It was that simple. In one sentence he combined three essential elements. 

I didn’t even need to write it down. I just kept turning over and over in my mind and figuring out what made it work. I wanted to create a template that I could use to come up with a version like this for Parisleaf. 

This task was stuck on my to-do list for another two years until we made the decision to rebrand our branding agency (again) (in the middle of a pandemic) (perfect timing – nailed it). If you’re curious about how a branding agency turns the scalpel on themselves, you can read all about it here

About halfway through creating our Verbal Identity, we reached the inevitable moment of dread. We needed a spoken and a written answer to the question I’ve spent my whole career avoiding. 

We couldn’t escape it any longer – none of us managed to put our finger on it during our workshops. Unlike our values or our Purpose, we didn’t have a bulletproof workshop exercise that was guaranteed to help us nail this statement (until now). 

We all agreed we would “know it when we saw it” but we didn’t have a clue how to find the exact right words and put them in the right order.

The formula we used for Parisleaf’s elevator pitch

It took us several attempts to even come close. It was literally one of the last statements in our Verbal Identity that clicked into place. We had a couple of great options, but they were still missing the mark.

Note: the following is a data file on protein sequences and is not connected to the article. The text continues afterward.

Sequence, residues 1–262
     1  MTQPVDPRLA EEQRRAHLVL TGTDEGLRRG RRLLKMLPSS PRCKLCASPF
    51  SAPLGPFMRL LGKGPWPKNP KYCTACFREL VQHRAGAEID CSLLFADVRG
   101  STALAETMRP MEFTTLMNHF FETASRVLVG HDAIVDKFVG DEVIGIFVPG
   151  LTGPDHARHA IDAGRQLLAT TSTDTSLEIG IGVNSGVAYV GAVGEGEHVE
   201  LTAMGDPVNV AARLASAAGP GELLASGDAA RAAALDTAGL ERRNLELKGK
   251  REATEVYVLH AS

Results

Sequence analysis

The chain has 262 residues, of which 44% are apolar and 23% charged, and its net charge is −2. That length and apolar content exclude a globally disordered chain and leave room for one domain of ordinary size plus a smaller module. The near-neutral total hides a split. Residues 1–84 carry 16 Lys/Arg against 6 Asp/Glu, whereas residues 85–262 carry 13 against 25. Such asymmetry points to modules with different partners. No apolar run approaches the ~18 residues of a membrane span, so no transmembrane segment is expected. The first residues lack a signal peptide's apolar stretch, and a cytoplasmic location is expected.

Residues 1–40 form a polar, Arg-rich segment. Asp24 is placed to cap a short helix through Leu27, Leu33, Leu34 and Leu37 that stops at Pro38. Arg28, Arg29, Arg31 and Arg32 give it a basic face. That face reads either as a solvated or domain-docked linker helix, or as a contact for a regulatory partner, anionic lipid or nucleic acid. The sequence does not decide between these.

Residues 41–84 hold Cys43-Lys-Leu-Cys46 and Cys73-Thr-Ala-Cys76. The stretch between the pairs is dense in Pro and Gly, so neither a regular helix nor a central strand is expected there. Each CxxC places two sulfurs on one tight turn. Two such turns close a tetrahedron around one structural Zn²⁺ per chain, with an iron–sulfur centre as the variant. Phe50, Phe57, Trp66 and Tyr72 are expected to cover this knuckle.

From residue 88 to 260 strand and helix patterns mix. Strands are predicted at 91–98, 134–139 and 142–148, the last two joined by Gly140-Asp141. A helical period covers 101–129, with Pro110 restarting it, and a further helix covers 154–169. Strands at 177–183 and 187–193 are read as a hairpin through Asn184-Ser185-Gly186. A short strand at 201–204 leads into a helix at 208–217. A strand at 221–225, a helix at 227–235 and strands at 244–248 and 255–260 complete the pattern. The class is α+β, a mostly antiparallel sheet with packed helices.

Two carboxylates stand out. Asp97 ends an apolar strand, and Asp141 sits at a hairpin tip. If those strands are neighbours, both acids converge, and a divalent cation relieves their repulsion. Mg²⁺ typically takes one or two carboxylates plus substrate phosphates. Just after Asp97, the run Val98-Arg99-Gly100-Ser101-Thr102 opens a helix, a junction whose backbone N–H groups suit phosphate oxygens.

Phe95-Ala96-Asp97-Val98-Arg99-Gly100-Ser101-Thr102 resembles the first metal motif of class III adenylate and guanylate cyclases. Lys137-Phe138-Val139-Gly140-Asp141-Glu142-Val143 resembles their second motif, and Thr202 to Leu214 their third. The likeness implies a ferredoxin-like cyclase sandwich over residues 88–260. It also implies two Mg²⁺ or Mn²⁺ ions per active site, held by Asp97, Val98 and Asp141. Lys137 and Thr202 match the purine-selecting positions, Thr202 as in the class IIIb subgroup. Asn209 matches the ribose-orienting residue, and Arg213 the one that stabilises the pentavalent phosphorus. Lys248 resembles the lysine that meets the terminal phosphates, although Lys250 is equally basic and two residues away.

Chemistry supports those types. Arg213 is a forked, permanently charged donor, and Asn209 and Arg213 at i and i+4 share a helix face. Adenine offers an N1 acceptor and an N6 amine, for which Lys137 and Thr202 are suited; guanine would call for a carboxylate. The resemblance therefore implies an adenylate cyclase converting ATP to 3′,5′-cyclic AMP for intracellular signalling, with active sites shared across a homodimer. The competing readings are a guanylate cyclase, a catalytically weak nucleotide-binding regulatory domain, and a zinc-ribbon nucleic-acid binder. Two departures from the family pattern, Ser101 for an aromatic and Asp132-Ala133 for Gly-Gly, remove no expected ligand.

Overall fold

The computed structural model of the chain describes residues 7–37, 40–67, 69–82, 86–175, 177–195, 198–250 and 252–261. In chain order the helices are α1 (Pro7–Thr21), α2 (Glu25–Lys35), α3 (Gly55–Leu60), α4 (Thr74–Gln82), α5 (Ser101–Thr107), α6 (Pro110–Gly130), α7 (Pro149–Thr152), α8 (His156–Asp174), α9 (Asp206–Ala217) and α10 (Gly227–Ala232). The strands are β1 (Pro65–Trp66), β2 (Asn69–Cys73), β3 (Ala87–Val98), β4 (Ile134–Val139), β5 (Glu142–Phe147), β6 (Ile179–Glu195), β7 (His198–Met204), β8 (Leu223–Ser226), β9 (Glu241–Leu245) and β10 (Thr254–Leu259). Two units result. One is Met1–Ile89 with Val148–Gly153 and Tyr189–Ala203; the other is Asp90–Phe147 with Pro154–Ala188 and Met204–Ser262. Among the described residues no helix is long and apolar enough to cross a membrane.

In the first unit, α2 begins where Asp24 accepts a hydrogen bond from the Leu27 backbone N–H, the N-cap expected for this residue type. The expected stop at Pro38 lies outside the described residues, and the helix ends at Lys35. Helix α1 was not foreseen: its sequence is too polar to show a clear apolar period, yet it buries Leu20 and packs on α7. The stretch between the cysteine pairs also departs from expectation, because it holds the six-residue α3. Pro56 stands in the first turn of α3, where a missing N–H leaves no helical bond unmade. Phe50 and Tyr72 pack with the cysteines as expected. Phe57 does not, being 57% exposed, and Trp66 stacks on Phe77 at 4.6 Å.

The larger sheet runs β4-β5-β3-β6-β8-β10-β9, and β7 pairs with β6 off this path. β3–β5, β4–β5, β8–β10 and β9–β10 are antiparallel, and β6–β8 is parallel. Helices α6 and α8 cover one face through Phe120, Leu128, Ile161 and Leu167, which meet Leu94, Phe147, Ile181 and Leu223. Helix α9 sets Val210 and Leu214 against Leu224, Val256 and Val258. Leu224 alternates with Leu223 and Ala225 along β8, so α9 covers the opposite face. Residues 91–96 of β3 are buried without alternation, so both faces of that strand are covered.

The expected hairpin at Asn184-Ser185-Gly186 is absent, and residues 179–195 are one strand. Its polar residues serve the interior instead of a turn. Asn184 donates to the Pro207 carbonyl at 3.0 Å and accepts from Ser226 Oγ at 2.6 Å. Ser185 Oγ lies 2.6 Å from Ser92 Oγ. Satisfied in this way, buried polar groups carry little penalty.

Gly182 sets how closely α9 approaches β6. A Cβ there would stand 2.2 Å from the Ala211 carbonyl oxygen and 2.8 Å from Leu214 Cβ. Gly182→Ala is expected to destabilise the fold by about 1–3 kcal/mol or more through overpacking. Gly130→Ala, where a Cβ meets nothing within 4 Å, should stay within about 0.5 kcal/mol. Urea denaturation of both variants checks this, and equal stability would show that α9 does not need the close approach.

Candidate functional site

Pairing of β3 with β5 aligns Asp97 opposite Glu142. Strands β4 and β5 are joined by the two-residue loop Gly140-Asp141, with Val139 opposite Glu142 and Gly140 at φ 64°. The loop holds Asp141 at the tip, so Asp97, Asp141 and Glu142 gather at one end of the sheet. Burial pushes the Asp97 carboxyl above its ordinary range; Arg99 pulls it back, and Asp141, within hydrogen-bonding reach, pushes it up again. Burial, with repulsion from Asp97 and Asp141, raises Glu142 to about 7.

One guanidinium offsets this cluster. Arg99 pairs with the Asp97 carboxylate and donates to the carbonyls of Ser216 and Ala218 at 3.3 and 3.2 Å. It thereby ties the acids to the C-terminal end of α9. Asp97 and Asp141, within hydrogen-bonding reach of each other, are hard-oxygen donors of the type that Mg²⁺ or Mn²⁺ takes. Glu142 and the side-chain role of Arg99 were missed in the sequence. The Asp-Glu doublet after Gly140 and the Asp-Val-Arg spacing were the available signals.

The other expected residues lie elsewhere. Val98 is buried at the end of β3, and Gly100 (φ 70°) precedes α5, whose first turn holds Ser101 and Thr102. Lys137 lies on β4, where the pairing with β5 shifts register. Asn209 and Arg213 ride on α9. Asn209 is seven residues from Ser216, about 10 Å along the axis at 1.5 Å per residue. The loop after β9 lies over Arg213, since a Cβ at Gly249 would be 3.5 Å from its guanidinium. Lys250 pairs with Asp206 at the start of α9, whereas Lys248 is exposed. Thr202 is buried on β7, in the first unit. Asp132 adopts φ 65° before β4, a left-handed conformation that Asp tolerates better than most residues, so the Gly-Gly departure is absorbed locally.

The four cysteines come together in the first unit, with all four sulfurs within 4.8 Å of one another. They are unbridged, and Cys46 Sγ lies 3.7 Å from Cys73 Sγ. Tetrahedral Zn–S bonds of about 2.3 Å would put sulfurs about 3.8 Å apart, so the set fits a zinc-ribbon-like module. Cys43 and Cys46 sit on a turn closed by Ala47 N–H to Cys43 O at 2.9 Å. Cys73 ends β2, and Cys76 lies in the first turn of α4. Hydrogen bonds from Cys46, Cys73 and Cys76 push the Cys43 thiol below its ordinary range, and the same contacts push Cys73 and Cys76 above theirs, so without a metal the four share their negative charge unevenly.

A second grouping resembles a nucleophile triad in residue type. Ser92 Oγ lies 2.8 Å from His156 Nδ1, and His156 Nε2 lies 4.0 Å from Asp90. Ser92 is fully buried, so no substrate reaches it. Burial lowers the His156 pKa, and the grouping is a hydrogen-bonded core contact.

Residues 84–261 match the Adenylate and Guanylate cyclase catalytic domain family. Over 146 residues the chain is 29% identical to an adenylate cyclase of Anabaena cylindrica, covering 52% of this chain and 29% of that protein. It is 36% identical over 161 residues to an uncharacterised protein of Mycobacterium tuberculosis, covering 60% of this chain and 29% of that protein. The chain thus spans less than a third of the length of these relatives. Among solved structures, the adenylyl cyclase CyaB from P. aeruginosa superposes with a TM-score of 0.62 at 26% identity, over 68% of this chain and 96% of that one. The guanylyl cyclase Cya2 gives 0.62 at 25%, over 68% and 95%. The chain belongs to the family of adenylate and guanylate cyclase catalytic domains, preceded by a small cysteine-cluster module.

The structure that worked best for us was similar to the other agency’s elevator pitch that inspired this process. It was a different message (obviously) but there was an overlap. 

I then remembered something Picasso once said: “Great artists steal.” As long as we weren’t plagiarising, competing with, or ripping off someone else’s work entirely, we decided to take inspiration from them and be open and grateful about the source. Thanks, Hans & culturefoundry.com!

Before the branding process, our elevator pitch was: 

Parisleaf is a brand strategy and design company. We create verbal and visual identities and brand experiences on screens, in print, and in the round. Our work drives business by drawing the people you want to reach.

The original didn’t work because it’s too long for anyone to remember without pulling out flashcards or rehearsing in front of the mirror. It’s also hard to say out loud while keeping a straight face. Besides, we knew in our hearts that it didn’t hold a candle to some of the statements we’ve written for our clients. 

Our new elevator pitch is:

We’re a brand and digital consultancy that connects Purpose and Profit for brands we love.

We knew that it worked on paper. It worked so well on paper. 

The first time I tested it in the real world and was brave enough to say it out loud, I was nervous. Would I remember it? Would others remember it? Would it flop? 

I’m pleased to say – these words have transformed how Ali and I speak about our firm. It kicks in like a reflex whenever someone asks us what we do and it serves as a springboard into a deeper conversation. We say it with great pride. 

Right now, we’re busy developing this formula into a free DIY worksheet that you can use to explore different structures and write your own version. 

Sign up here to receive the free worksheet as soon as it’s out. In the meantime: practice, test new things out, keep trying, you will nail it. Eventually.